On Jeter’s excitement: “He’s not an excitable guy. Everyone knows this is where he needs to be, so I think he was just waiting. He knew the game plan, but I also talked to him earlier in the week and said it could be sooner. And it turned out that way based on the circumstances of last night’s game here in the Bronx.”
On expectations for Jeter: “I don’t have any. Bottom line is, Derek, he’s one of the all-time competitors. He’s healthy. He’s moving around well. He’ll have his days when he really helps us. He’ll have other days where obviously the opposing pitcher will dominate those at-bats. That’s the way this stuff works. He’s going to be competing on a daily basis against those opposing pitchers and providing the defense. More times than not, he’ll be extremely good for us. That’s just the nature of the beast. We’re better with him here, period. Regardless of what today’s outcome is. Given the circumstances that occurred yesterday, it’s just better for us to be in a position to run him out here today than hold him off. I know we have some weather issues that could affect us here as well as Scranton. I’d rather have him deal with sitting around and whether he’s going to play or not play in the Bronx vs. Scranton.”
We will never be able to refer to Derek Jeter as “the 38-year-old Yankees captain” again. Not accurately, anyway. And by the way, if we know there’s one thing Jeter absolutely loves discussing, it’s his age and getting older.
This from the Associated Press, as Jeter celebrates his 39th birthday today at the club’s complex in Tampa, Fla.:
Derek Jeter was greeted by balloons and silver tinsel decorating the parking-lot fence when he arrived at the Yankees’ minor league complex on his birthday.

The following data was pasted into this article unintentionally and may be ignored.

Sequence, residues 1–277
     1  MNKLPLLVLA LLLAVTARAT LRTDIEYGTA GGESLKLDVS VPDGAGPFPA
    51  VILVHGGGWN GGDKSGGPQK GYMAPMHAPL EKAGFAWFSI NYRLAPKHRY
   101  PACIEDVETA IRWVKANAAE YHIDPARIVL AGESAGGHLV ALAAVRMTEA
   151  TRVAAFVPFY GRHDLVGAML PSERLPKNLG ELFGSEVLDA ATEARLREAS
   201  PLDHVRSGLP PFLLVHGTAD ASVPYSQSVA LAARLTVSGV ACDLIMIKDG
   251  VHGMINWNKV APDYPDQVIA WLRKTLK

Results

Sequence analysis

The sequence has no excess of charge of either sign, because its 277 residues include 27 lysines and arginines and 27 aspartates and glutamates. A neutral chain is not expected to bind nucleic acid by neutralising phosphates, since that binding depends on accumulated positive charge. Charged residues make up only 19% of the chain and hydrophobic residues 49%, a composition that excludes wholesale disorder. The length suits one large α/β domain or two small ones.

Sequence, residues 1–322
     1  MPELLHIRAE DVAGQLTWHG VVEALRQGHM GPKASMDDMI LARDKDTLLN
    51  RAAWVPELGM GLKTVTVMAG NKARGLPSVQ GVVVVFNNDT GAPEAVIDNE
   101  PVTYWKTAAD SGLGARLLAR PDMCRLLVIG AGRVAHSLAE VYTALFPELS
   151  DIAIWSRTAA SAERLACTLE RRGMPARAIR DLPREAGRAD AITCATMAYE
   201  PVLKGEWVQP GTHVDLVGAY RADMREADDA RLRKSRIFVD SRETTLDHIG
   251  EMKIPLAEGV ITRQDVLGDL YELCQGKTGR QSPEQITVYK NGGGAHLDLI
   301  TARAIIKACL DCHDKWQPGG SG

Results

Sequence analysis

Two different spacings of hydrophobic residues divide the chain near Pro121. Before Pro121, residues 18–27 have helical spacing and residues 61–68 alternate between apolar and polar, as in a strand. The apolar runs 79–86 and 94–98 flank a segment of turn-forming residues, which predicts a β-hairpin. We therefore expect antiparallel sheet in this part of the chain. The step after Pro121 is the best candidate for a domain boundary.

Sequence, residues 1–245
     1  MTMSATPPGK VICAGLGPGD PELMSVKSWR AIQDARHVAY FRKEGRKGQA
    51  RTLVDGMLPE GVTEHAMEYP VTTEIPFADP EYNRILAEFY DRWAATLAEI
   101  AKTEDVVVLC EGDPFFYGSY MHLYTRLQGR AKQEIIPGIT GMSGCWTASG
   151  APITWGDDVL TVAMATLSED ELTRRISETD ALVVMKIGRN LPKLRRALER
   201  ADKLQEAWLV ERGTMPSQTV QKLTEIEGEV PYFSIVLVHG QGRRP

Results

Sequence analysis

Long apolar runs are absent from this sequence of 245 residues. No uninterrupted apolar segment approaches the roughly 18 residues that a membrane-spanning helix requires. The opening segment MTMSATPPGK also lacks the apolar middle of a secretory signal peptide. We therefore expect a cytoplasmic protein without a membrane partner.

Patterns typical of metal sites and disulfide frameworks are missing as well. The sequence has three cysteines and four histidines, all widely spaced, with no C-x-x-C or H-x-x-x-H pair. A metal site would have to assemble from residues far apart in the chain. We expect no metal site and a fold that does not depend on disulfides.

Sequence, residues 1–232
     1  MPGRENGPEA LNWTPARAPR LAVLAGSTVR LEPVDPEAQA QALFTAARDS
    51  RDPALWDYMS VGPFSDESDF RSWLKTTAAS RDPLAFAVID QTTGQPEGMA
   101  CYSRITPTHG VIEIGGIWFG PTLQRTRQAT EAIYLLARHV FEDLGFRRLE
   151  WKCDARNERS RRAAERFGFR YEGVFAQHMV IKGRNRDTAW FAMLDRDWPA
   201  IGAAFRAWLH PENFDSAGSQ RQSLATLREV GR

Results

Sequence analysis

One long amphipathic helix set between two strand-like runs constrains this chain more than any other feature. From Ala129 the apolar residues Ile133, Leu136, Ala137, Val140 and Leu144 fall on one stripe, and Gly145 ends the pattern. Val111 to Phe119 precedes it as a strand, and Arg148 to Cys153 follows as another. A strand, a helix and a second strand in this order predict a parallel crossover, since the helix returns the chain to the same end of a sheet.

The New York captain turned 39 Wednesday as he kept up his rehab program for a broken left ankle, an injury originally sustained last Oct. 13 in the AL championship series opener.
A group of around 30 fans and autograph dealers held homemade signs wishing the shortstop a happy birthday, and they cheered when Jeter drove into the complex.
U.S. Coast Guard veteran Juan Rivero brought an oversized birthday card, calling Jeter ”the greatest player of my generation.”
Jeter smiled and waved as he walked into the clubhouse.
Now, a suggestion for the comments: What is your favorite Derek Jeter moment?
Yankees shortstop Derek Jeter addressed the media today at Yankee Stadium, making his first public comments since the team announced that he had suffered a new fracture in his surgically repaired left ankle. The Yankees have said that Jeter is expected to return after the All-Star break, and while the captain said that he isn’t announcing his timetable to get back in the lineup, he has a date in mind that is probably sooner than that.
Here are some highlights from the first part of Jeter’s press conference. We’ll have complete coverage coming up on MLB.com and Yankees.com.
Difficulty of this process:
“It’s been a difficult process. It’s been a frustrating process. Just when you think you’re close to coming back, then you have a setback. It’s part of the healing process. When you get hurt, it’s supposed to take time. It’s supposed to take time when you break a bone. Unfortunately, it has taken more time than I anticipated.”
Any doubt you will come back this season: